Europe’s Data Act: the requirements for smart contract developers

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Europe’s Data Act recently went into force, and the legislation has far-reaching requirements that could force smart contract developers to comply with strict requirements–such as terminating a live smart contract–even in cases where the smart contract features immutability, thus making any changes impossible. 

“Safe termination and interruption: ensure that a mechanism exists to terminate the continued execution of transactions: the smart contract shall include internal functions which can reset or instruct the contract to stop or interrupt the operation to avoid future (accidental) executions,” reads Article 30 of the Data Act.

In essence, the Data Act outlaws immutable smart contracts, and thus true blockchain applications, potentially marking the dawn of a dark day for the European crypto industry after much optimism around Markets In Crypto Assets (MiCA) legislation passed last year.  The draconian rules in the Data Act are likely to cause an exodus of crypto talent away from the continent if lawmakers don’t see the errors in their ways and quickly. 

The Data Act’s demand for a mechanism to safely terminate or interrupt smart contracts represents a kill switch for blockchain-based apps. It goes entirely against the nature of blockchain’s innovation. Smart contracts are designed to avoid interference and potential termination dictated by authorities. That is the entire point of not having a middleman, after all. Such a kill switch is also a single point of failure and threatens to create additional exploit risks, potentially putting user funds at serious risk. It’s a disaster of a bill for crypto.

Although the Data Act is officially designed to remove barriers to data access, it actually creates barriers to access in the context of blockchain–talk about unintended consequences. That’s right–the data act achieves the opposite of what it set out to do. Aside from the fact that the Data Act basically renders smart contracts unlawful, the Act also fails to clearly define smart contracts and those instances when authorities could demand a smart contract be terminated. It’s a whole lot of uncertainty that should make the European blockchain industry very, very nervous. It’s on the crypto industry to clean this mess up.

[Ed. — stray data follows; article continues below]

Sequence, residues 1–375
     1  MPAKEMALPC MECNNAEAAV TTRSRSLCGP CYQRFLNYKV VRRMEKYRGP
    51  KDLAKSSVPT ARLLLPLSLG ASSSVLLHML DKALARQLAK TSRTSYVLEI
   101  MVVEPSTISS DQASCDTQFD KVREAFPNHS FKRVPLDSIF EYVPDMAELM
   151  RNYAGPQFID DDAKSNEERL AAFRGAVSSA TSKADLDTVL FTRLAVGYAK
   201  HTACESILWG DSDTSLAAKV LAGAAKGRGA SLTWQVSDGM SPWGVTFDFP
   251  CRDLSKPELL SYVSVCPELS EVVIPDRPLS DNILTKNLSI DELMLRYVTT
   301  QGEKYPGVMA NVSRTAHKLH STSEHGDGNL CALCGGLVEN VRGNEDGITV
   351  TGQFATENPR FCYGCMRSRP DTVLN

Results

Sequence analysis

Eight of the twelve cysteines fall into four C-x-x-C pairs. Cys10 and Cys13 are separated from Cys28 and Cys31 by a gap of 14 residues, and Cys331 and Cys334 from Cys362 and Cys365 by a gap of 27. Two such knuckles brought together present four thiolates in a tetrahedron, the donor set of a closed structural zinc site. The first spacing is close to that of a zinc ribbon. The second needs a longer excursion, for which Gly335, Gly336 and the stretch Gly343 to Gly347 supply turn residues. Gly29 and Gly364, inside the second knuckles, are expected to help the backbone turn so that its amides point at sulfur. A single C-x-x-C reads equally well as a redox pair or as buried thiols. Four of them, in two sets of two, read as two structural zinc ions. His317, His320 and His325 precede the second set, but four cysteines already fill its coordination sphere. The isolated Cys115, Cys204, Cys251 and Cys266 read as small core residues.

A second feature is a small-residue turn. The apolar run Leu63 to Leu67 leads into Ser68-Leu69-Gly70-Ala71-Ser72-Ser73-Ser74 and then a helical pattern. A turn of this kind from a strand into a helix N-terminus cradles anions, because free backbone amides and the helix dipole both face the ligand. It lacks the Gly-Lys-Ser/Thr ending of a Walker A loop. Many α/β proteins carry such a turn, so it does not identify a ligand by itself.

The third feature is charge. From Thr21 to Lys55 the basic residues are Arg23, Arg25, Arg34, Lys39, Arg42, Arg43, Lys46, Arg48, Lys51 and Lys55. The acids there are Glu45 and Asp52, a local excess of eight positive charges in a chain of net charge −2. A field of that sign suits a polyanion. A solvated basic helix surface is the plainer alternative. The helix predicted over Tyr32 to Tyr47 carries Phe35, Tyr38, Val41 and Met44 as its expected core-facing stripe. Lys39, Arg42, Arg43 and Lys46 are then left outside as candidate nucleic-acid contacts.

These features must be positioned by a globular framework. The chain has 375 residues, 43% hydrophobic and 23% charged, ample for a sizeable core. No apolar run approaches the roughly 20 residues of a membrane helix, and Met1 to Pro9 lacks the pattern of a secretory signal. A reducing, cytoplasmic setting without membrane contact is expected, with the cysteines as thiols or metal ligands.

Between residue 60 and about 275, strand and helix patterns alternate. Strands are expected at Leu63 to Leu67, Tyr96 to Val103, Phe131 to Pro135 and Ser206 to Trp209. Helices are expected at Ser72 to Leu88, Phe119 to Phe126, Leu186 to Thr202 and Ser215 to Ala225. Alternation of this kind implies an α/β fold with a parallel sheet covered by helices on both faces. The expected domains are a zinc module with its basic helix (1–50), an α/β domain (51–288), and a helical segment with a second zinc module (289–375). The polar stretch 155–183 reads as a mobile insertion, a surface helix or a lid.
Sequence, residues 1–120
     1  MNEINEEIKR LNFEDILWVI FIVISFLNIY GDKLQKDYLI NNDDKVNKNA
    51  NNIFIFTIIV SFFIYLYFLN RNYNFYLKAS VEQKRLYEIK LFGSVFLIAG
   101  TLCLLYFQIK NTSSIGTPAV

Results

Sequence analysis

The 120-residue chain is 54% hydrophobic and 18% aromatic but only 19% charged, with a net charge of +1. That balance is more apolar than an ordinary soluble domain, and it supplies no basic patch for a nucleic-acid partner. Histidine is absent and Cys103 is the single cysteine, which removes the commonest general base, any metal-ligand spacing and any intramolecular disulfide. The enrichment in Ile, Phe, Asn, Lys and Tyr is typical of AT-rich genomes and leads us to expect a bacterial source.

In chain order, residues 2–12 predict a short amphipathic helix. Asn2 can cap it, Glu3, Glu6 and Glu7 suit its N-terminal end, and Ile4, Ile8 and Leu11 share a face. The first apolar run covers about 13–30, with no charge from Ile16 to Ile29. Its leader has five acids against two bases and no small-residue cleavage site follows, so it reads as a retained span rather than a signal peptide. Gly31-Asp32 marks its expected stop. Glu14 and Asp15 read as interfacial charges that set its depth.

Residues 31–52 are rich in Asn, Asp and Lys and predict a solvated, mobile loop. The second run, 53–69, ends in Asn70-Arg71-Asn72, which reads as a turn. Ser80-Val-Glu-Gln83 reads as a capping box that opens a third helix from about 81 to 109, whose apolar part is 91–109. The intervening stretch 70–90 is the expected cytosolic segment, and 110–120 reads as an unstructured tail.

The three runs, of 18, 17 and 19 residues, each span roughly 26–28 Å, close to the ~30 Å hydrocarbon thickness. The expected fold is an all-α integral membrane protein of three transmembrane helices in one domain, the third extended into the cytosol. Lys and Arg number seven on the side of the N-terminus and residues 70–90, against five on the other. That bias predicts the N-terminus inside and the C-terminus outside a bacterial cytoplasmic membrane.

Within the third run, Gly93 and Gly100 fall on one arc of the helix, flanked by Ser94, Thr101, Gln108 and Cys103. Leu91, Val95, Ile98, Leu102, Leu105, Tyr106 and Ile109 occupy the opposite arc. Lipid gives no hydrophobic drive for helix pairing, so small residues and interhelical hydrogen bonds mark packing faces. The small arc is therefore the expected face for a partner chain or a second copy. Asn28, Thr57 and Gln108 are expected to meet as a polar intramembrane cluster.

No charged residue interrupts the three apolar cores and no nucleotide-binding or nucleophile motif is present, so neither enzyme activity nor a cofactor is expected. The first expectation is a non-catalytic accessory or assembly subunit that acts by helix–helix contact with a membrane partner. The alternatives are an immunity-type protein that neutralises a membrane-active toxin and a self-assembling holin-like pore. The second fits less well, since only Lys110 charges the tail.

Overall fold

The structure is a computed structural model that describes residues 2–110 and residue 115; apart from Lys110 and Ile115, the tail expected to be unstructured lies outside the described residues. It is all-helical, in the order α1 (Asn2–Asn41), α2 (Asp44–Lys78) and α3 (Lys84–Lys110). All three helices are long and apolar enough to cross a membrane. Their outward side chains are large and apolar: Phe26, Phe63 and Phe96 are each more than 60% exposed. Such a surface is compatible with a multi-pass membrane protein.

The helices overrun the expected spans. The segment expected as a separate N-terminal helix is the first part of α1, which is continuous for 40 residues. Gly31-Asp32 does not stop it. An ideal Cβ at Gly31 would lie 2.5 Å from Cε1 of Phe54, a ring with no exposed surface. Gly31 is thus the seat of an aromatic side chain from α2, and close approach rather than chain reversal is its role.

Undermining blockchain’s immutability is nothing more than innovation killing. Immutability is how blockchain ensures the integrity of data passing through the ledger. Information added to a blockchain should generally be unalterable so that no entity can manipulate, replace, or falsify data on the network. But EU lawmakers have chosen to ignore this innovation. 

Public blockchain immutability bolsters trust in the system, reducing the time and cost of audits. It’s an absolutely essential feature of any real blockchain. tEnterprises should in particular want  immutability, since it provides organizations with needed data integrity. With blockchain immutability, organizations can demonstrate to stakeholders that certain information is accurate.

The proven history of a transactional ledger increases ease and efficiency in the auditing process. Use cases cropping up in this domain include supply chain management, financial disclosures, and identity management. Many data problems faced by enterprises can be solved with blockchain-based immutability.  

One of blockchain technology’s strengths is that it preserves the full history and data trail. The blockchain’s integrity can be proven at any time by re-calculating the block hashes so that organizations and regulators can detect fraud, etc.

The entire crypto industry throughout Europe must unite against the Data Act’s Article 30, because it threatens to put a freeze over the entire crypto industry with what amounts to a backdoor. The blockchain’s immutability must be defended at every turn, and it is on the European crypto industry’s shoulders to lead the way. 

Kadan Stadelmann

Kadan Stadelmann is a blockchain developer, operations security expert and Komodo Platform’s chief technology officer. His experience ranges from working in operations security in the government sector and launching technology startups to application development and cryptography. Kadan started his journey into blockchain technology in 2011 and joined the Komodo team in 2016.